This myth shows just how little naysayers of Agile distributed teams know about the integration implicit in the methodology. Regardless of office location, the daily ceremonies also serve to integrate ideation, UX/UI and development in a way that increases the elegance of the result.
Myth 4. Busted: Offshoring is a career-killer.
Opportunity lies in offshoring for employees of a company transitioning to a distributed model. The reality is, no iOS developer will retire an iOS developer. They will go on to become solutions architects, product owners, IT directors or CTOs.
For United States-based teams, it represents a chance to advance, lead and expand beyond just a technical skillset. The best distributed teams are organized by progress toward given features with managers directing them from the host company. For former developers, remote project work offers the opportunity to advance into that manager or product owner role.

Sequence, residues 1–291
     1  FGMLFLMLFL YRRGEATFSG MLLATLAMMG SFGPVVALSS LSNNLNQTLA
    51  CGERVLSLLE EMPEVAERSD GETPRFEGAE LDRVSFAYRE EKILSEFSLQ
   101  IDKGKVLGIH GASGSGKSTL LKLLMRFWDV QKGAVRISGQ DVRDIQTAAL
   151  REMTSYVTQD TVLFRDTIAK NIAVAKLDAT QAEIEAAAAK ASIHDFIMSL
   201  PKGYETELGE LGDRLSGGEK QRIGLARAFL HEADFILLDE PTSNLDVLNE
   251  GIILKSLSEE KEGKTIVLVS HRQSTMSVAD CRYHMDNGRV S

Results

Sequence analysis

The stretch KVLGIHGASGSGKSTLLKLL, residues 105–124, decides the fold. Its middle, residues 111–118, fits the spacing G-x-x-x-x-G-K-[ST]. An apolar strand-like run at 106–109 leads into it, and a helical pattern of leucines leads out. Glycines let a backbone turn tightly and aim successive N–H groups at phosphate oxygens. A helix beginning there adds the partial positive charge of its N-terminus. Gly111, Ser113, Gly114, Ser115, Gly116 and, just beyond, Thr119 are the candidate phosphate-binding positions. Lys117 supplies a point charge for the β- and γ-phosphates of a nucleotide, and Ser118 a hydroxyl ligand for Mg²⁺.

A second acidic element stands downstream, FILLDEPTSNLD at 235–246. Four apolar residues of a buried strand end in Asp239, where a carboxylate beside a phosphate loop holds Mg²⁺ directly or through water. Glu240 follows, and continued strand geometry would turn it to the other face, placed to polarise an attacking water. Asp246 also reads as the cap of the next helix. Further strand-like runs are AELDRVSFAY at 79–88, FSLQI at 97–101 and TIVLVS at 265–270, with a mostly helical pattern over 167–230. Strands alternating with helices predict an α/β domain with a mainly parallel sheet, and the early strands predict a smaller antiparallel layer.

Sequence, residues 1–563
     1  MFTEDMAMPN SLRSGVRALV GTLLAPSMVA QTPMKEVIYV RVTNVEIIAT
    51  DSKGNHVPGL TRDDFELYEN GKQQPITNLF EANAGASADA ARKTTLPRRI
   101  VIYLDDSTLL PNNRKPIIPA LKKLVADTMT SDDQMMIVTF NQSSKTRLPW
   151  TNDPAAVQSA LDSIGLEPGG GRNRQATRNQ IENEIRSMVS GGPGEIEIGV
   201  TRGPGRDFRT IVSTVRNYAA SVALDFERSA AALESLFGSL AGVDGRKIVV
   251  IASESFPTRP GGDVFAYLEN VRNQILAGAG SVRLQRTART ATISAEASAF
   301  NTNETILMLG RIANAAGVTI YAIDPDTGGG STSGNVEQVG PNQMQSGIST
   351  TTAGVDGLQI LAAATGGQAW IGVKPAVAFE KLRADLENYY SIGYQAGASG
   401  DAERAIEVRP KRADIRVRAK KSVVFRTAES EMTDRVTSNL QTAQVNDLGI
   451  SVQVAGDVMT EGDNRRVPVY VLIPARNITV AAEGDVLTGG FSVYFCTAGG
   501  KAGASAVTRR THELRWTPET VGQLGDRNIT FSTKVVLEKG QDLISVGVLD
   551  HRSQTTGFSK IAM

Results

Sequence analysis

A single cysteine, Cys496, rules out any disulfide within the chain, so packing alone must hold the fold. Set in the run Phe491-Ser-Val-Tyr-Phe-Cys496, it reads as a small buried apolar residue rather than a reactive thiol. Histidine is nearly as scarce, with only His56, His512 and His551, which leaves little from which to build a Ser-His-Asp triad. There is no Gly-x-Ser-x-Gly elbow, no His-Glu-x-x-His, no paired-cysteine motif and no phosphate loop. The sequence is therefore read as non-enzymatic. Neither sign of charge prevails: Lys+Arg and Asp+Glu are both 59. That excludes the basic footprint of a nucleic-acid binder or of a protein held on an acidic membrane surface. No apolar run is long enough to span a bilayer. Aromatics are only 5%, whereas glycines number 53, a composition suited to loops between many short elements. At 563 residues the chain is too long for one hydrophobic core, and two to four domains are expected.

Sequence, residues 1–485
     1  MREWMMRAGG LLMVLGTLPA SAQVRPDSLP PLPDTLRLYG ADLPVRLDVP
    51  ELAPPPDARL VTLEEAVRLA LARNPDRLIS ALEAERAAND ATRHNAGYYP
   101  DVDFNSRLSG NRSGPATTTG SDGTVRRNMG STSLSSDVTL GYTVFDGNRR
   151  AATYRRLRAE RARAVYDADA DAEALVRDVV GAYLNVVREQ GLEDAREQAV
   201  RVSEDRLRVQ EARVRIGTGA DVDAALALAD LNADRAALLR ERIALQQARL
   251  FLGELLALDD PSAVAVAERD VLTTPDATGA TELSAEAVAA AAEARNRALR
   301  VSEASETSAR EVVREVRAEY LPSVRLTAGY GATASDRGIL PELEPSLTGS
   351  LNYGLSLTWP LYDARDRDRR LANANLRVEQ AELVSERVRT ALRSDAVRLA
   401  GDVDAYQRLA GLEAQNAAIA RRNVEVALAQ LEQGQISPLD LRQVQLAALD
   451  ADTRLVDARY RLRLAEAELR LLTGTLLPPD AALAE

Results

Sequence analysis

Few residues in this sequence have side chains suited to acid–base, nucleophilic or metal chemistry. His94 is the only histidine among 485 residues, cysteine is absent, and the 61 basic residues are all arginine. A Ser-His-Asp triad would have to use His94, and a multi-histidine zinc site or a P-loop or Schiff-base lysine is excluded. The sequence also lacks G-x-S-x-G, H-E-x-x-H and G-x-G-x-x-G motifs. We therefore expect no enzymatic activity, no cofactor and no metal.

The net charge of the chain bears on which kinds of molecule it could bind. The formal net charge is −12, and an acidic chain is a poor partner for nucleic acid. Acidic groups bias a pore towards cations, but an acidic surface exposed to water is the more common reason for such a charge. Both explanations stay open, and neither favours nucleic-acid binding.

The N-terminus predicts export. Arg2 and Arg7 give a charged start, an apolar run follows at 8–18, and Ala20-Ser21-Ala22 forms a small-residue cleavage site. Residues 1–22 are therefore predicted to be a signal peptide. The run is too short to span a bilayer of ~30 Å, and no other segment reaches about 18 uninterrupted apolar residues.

Myth 5. Busted: You can make distributed Agile software development work from any low-cost geography.
Wrong on all counts. Choosing the location of your distributed team is often one of the best predictors of long-term success and sustainability. Depending on the location of the host team, it’s more difficult to maintain a few hours of overlap than others. Our Bulgarian office, for example, works 12-8PM. That way project teams have four hours of overlap to meet and collaborate. In our new Swedish location, officing in the Astrazeneca BioVentureHub, we will have 6 hours of overlap with the Bulgarian team sans any work time adjustments. The Swedish team will interact with our development team from 11 AM to 5 PM Swedish time (or noon to 6 PM Bulgarian time).
Myth 6. Busted: The cultural gaps are simply too broad to overcome when leading virtual teams.